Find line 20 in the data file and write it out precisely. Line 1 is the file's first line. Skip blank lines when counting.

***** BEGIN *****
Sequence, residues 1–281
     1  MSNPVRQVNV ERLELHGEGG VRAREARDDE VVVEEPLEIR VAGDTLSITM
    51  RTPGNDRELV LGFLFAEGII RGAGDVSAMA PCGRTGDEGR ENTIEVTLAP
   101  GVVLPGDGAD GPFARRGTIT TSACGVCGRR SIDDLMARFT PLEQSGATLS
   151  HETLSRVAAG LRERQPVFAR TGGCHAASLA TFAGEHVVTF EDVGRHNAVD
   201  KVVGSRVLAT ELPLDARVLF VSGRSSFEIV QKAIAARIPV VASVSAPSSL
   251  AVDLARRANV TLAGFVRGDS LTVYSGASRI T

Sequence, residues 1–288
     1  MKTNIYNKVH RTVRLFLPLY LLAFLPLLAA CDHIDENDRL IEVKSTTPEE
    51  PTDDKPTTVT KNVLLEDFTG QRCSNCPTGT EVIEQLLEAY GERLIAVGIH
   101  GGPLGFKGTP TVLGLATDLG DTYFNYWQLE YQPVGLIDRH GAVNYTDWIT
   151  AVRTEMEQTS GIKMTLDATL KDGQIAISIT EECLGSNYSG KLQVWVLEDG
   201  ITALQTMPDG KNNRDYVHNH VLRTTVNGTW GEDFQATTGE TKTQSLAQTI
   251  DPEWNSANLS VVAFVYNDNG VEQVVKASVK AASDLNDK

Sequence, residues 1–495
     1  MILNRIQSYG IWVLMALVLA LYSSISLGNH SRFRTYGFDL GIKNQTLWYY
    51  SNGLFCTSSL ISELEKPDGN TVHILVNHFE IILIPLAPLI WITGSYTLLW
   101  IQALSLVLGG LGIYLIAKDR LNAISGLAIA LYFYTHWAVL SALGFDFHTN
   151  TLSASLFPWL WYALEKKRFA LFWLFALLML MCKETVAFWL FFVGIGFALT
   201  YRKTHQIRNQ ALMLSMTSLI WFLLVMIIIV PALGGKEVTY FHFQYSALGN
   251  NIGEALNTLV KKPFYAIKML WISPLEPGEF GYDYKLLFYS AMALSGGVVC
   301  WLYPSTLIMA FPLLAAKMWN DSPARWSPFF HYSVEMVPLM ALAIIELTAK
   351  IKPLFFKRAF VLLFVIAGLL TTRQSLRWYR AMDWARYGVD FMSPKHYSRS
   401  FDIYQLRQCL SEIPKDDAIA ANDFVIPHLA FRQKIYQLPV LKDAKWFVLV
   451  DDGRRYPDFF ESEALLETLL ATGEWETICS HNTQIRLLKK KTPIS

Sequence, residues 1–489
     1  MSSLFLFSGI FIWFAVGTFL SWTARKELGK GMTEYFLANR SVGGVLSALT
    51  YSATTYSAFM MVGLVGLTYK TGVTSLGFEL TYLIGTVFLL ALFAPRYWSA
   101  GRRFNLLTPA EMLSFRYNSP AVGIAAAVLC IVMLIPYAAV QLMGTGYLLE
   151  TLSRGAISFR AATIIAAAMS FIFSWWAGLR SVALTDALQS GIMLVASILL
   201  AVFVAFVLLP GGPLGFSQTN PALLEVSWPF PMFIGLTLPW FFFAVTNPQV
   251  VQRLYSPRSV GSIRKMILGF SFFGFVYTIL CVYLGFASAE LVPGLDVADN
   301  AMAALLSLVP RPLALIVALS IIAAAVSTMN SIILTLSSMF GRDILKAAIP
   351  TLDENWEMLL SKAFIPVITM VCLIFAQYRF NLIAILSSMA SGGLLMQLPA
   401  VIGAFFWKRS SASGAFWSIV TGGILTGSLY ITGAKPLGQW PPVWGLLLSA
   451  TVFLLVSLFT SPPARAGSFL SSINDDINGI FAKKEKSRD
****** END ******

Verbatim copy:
   201  YRKTHQIRNQ ALMLSMTSLI WFLLVMIIIV PALGGKEVTY FHFQYSALGN